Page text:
Timothy Walton, Plaintiff/appellant, v. Larry Norris, Interim Director, Arkansas Department Ofcorrection; Evans, Warden, Maximum Security Unit, Arkansasdepartment of Correction; R.d. Reed, Cummins Unit, Arkansasdepartment of Correction, Defendants,walter Oglesby, Doctor, Arkansas Department of Correction,defendant/appellee, 59 F.3d 67 (8th Cir. 1995)Annotate this Case
Gerald Allen Coleman, West Memphis, AR, for appellant.
Sarah Slade, Asst. Atty. Gen., Little Rock, AR, for appellees.
Before RICHARD S. ARNOLD, Chief Judge, JOHN R. GIBSON, Senior Circuit Judge, and WOLLMAN, Circuit Judge.
Timothy Walton, an Arkansas prisoner, asserts in this case brought under 42 U.S.C. § 1983 that his due-process rights were violated when he was required to appear at an administrative hearing regarding forced medication without a drug-free period, and when Dr. Walter Oglesby prescribed forced psychotropic medication. The Magistrate Judge,1 following an evidentiary hearing, recommended that the case be dismissed. The District Court,2 adopting the Magistrate Judge's findings and recommendations, entered judgment against Walton.3 We affirm.
Dr. Oglesby initially prescribed psychotropic drugs for Walton in 1984 after Walton was diagnosed as delusional. Over the next several years, Dr. Oglesby's diagnoses of Mr. Walton, at various times, included very delusional, paranoid schizophrenic, and psychotic. It appears that the drugs prescribed by Dr. Oglesby controlled these conditions.
Walton often asked to be taken off of his medication, and Dr. Oglesby would oblige by either reducing the dosage or discontinuing the medication. Each time, Walton would eventually become psychotic or delusional. Examples of his behavior include fighting with officers, claiming the television was telling other inmates to kill him, and claiming that people were spraying chemicals on him and his body was dissolving.
On April 4, 1993, Walton refused his medication. At that time,4 if an inmate objected to taking medication prescribed by a treating psychiatrist, and the psychiatrist believed that the inmate suffered from a mental disorder and was gravely disabled or likely to harm himself, others, or property, then the medication could be administered involuntarily. The inmate, however, was entitled to a hearing before the Mental Health Review Committee. Arkansas Department of Correction Policy No. 275. In this case, the committee unanimously found that Walton suffered from paranoid schizophrenia, that he had become violent when taken off of his medication in the past, and that mandatory injections were needed to prevent him from becoming psychotic again.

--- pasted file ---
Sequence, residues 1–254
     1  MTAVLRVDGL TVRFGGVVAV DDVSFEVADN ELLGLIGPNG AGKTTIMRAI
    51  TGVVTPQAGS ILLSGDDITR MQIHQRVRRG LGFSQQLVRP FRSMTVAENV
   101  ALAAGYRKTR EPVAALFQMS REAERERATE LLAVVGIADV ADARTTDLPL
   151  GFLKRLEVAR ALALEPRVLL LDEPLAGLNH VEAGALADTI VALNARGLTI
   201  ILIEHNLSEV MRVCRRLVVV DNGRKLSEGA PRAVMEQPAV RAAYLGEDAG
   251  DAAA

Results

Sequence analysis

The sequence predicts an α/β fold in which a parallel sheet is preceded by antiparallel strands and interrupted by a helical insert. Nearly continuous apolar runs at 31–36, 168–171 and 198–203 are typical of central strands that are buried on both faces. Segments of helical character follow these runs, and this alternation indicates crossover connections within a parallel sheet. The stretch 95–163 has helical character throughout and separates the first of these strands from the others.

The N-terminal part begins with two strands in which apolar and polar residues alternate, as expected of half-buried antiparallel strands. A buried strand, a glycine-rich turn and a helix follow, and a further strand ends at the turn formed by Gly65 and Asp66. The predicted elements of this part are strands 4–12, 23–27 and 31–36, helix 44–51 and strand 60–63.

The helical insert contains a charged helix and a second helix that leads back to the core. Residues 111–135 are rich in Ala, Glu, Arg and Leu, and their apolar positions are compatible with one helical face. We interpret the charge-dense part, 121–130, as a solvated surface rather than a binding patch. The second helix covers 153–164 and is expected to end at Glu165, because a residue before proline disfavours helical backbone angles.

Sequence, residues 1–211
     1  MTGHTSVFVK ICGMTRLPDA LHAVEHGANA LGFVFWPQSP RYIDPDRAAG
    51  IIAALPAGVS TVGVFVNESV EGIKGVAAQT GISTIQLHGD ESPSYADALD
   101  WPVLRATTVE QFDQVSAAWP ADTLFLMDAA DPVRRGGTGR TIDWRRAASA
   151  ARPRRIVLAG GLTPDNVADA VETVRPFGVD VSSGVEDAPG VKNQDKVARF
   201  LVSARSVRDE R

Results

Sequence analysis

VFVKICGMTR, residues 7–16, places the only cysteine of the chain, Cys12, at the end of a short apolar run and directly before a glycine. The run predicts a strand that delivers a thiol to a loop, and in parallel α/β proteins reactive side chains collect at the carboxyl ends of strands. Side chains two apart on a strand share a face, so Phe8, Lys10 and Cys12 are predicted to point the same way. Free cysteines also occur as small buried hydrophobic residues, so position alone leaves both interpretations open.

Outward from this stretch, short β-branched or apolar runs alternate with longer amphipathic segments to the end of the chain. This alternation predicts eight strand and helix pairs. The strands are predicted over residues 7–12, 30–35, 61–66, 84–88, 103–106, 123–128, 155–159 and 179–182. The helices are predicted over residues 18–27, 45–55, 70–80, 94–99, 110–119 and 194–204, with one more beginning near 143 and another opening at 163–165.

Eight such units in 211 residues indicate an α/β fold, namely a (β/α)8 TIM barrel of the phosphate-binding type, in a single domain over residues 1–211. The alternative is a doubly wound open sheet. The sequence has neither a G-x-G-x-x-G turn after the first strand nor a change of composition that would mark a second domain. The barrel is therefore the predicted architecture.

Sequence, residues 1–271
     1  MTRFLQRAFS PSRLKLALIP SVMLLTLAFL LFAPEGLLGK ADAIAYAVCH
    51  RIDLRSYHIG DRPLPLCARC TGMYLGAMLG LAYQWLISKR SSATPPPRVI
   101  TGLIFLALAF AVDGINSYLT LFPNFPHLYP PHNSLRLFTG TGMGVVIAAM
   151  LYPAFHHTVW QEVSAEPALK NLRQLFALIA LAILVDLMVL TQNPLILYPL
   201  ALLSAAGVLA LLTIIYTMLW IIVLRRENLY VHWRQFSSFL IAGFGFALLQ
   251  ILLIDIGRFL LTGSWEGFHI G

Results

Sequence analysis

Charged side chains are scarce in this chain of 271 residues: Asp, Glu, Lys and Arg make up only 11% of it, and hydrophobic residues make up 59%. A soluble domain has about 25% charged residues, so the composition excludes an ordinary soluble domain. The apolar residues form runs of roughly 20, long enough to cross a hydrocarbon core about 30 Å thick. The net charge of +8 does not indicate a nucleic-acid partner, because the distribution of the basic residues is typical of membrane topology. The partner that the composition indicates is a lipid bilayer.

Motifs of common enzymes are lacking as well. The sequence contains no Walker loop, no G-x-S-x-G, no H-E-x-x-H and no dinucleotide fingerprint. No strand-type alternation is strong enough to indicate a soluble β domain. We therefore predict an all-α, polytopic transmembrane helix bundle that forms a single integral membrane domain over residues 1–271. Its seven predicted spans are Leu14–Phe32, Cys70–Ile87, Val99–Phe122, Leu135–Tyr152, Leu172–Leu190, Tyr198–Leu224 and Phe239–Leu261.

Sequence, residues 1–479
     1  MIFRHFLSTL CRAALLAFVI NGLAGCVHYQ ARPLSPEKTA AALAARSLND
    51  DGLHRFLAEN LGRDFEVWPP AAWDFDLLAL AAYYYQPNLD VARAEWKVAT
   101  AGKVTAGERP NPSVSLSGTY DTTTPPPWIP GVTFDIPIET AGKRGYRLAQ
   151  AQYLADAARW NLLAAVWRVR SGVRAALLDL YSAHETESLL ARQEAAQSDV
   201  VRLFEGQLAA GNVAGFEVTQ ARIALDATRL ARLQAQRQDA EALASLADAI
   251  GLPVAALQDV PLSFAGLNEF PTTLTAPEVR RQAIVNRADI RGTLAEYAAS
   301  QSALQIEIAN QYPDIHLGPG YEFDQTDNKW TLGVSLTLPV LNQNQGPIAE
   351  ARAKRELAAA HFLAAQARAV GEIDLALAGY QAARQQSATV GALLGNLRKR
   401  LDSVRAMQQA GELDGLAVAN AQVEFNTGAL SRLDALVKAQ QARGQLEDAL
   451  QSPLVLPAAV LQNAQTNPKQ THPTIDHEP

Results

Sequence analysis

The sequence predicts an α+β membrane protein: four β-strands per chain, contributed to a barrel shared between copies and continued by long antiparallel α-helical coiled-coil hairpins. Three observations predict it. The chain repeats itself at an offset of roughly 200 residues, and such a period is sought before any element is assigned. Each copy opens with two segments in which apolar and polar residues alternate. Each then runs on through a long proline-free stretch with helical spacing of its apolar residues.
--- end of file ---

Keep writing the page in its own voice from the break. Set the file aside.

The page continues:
"The Due Process Clause permits the State to treat a prison inmate who has a serious mental illness with antipsychotic drugs against his will, if the inmate is dangerous to himself or others and the treatment is in the inmate's medical interest." Washington v. Harper, 494 U.S. 210, 227, 110 S. Ct. 1028, 1039-40, 108 L. Ed. 2d 178 (1989). The procedure at issue in this case is identical to the procedure that passed scrutiny in Harper with one exception, a 24-hour drug-free period preceding the administrative hearing. Walton now contends that this difference violates the Due Process Clause. The Magistrate Judge stated, however, that the "plaintiff does not contend that the procedures used in this case were inadequate...." We will not address arguments made for the first time on appeal, Dorothy J. v. Little Rock School District, 7 F.3d 729, 734 (8th Cir. 1993), absent plain error, which is not present in this case.
As for the sufficiency of the evidence, we hold that the facts presented more than justify the decision to medicate Mr. Walton. Every time Mr. Walton's medication was discontinued, his condition worsened. What better evidence could there be of the necessity of the medication? The judgment of the District Court is affirmed.
The Honorable John F. Forster, Jr., United States Magistrate Judge for the Eastern District of Arkansas
The Honorable William R. Wilson, Jr., United States District Judge for the Eastern District of Arkansas
Mr. Walton originally sued four defendants. Three of them were dismissed from the suit prior to the hearing
The procedure has since been modified to an extent not relevant to this case